'There is something down there,' said a man. Almost immediately he began to descend the embankment. Two other men followed him. 'Take the wagon ahead,' said another man. 'I will catch up with you later.' He then followed the others. I moved to one side as the wagons, then, began to pass. 'The loot or Ardon,' I heard someone say. 'Where?' asked another. 'Where those men are,' said another. Two more men left the road. The wagons continued to move by. The fellow who had had the knife looked at me. 'Is there really anything down there?' he asked. 'Yes,' I said. 'Well,' said he, 'perhaps I shall get something for the evening, after all.' He slipped down the embankment, to join the others. I went then again to the left side of the road and, when a wagon trundled by, unknown to the driver, I put my pack in it, and, again, as I had before, held to its right side with my left hand, to keep from falling in the road.

I thought the storm might have abated a bit but the rain was still heavy. Too, from time to time, lightning shattered across the sky, suddenly bathing the road and countryside in flashes of wild, white light, this coupled almost momentarily, sometimes a little sooner, sometimes a little later, with a grinding and explosion of thunder.

'It seems the Priest-Kings are grinding flour,' laughed a man near me. 'It would seem so,' I said.

This was a reference to an old form of grinding, for some reason still attributed to Priest-Kings, in which a pestle, striking down, is used with a mortar. Most Sa-Tarna is now ground in mills, between stones, the top stone usually turned by water power, but sometimes by a tharlarion, or slaves. In some villages, however, something approximating the old mortar and pestle is sometimes used, the two blocks, a pounding block strung to a springy, bent pole, and the mortar block, or anvil block. The pole has one or more ropes attached to it, near its end. When these are drawn downward the pounding block descends into the mortar block, and the springiness of the pole, of course, straightening, then raises it for another blow. More commonly, however, querns are used, usually, if they are large, operated by two men, if smaller, by two boys. Hand querns, which may be turned by a woman, are also not unknown. The principle of the common quern is as follows: it consists primarily of a mount, two stones, an overhead beam and a pole. The two stones are circular grinding stones. The bottom stone has a small hub on its upper surface which fits into an inverted concave depression in the upper stone. This helps to keep the stones together. It also has shallow, radiating surface grooves through which the grindings may escape between the stones, to be caught in the sturdy boxlike mount supporting the stones, often then funneled to a waiting receptacle, or sack. The upper stone has two holes in it, in the center a funnel-shaped hole through which grain is poured, and, near the edge, another hole into which one end of the turning pole is placed. This pole is normally managed by two operators. Its upper portion is fitted into an aperture in the overhead beam, which supplies leverage and, of course, by affording a steadying rest, makes the pole easier to handle. The principle of the hand quern is similar, but it is usually turned with a small wooden handle. The meal or flour emerging from these devices is usually sifted, as it must often be reground, sometimes several times. The sifter usually is made of hide stretched over a wooden hoop. The holes are punched in the hide with a hot wire.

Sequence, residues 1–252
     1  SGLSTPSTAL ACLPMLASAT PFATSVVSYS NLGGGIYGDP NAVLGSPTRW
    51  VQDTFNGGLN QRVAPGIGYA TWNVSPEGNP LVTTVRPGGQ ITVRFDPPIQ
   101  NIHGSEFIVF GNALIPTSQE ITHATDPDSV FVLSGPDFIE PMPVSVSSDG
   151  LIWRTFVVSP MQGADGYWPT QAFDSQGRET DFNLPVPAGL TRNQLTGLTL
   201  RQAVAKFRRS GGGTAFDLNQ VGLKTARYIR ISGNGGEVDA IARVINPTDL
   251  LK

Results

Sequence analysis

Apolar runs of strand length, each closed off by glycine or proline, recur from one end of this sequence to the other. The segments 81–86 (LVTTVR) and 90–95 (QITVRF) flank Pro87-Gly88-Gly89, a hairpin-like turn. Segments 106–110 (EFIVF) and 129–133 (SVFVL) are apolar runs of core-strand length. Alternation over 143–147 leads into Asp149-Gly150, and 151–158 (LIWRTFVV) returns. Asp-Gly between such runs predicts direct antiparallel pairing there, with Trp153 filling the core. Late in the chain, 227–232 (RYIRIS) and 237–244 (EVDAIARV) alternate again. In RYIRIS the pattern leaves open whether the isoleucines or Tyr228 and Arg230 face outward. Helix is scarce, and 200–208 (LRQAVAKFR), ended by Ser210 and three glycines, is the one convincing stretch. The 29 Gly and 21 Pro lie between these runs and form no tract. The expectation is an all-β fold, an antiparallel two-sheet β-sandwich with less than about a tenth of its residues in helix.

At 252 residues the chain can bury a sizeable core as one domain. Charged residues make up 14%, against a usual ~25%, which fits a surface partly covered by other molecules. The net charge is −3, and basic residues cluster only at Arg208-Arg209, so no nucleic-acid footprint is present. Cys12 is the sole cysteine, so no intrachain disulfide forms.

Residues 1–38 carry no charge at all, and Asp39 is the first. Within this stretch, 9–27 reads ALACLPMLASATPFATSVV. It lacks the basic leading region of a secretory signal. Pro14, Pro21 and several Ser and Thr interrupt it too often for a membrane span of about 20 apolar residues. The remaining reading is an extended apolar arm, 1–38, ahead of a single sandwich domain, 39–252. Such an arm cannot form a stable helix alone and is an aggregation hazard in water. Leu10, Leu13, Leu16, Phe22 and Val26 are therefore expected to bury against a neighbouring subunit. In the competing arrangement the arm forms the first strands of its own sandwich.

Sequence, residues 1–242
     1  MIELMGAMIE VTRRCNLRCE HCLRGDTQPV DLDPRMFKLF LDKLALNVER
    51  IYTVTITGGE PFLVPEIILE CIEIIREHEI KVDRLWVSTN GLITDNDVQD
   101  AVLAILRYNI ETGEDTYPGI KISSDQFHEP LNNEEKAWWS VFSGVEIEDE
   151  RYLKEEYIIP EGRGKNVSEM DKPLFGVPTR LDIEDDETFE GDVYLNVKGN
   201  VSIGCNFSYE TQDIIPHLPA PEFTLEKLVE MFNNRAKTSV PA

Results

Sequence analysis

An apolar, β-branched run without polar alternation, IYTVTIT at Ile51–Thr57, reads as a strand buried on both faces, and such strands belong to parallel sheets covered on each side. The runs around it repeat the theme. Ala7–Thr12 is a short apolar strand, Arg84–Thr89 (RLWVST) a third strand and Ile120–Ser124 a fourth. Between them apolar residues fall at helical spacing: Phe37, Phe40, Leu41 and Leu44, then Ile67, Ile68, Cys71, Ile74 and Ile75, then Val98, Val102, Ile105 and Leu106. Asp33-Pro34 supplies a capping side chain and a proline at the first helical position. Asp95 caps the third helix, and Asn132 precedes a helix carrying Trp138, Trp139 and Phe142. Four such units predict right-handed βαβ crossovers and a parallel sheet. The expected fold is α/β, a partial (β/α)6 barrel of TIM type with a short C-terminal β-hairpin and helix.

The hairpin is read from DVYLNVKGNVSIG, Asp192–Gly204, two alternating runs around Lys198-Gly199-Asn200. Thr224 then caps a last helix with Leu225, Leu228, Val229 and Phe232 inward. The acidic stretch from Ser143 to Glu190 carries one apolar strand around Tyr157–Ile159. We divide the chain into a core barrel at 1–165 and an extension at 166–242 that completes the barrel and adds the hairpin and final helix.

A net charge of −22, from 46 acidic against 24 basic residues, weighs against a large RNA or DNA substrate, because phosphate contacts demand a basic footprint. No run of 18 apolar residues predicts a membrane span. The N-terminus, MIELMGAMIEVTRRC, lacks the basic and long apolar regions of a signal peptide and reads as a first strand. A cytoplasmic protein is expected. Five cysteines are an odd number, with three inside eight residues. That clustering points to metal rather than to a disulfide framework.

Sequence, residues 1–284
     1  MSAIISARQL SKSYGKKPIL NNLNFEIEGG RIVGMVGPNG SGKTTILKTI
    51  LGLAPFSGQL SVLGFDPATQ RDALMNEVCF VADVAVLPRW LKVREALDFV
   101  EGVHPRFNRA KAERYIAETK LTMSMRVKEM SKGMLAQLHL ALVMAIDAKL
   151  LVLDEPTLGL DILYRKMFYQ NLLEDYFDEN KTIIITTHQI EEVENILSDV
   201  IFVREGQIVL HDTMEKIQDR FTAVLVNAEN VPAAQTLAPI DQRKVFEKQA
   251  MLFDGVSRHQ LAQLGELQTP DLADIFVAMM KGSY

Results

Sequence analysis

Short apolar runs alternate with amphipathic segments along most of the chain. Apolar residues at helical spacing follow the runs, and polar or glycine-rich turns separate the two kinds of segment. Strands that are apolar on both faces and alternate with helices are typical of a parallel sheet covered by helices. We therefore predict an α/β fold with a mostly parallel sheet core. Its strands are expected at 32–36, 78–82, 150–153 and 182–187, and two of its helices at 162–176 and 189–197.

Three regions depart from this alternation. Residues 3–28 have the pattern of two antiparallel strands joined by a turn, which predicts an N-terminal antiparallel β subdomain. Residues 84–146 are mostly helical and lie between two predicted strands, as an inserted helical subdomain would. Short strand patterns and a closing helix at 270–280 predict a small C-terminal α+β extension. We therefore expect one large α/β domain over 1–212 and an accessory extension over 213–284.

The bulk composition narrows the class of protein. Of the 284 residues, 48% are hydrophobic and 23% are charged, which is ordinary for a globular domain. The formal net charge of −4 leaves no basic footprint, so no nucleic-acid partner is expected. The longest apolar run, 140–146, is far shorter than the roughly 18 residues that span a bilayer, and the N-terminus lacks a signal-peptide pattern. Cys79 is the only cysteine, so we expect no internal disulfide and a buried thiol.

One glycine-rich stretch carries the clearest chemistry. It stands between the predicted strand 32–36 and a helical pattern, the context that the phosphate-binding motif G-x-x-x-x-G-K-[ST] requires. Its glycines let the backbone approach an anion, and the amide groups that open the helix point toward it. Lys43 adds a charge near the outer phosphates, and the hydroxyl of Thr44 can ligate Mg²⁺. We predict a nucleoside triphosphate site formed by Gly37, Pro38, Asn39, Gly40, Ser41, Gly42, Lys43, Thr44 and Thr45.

Most Goreans, incidentally, do not attribute lightning and thunder to the grinding of flour of Priest-Kings. They regard such things as charming myths, which they have now outgrown. Some of the lower castes, however, particularly that of the peasants, and particularly those in outlying villages, do entertain the possibility that such phenomena may be the signs of disunion among Priest-Kings and their conflicts, the striking of weapons, the rumbling of their chariots, the trampling of their tharlarion, and such. Even more sophisticated Goreans, however, if not of the Scribes or Builders, have been noted to speculate that lightning is the result of clouds clashing together in the sky, showering sparks, and such. Few people, I suppose, see the unity of such phenomena as lightning and the crackling in the stroked fur of a hunting sleen. In the wagon ahead, briefly illuminated, I saw, swinging from its strap, slung over a hook on the rear axle housing, a narrow, cylindrical, capped 'grease bucket,'